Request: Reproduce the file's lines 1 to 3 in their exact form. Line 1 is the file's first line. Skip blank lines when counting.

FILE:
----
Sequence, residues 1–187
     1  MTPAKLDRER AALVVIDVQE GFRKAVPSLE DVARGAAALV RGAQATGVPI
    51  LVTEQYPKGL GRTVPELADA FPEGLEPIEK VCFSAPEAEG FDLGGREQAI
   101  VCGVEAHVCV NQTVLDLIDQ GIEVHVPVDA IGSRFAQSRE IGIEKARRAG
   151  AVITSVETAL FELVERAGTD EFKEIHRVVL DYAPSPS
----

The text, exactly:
Sequence, residues 1–187
     1  MTPAKLDRER AALVVIDVQE GFRKAVPSLE DVARGAAALV RGAQATGVPI
    51  LVTEQYPKGL GRTVPELADA FPEGLEPIEK VCFSAPEAEG FDLGGREQAI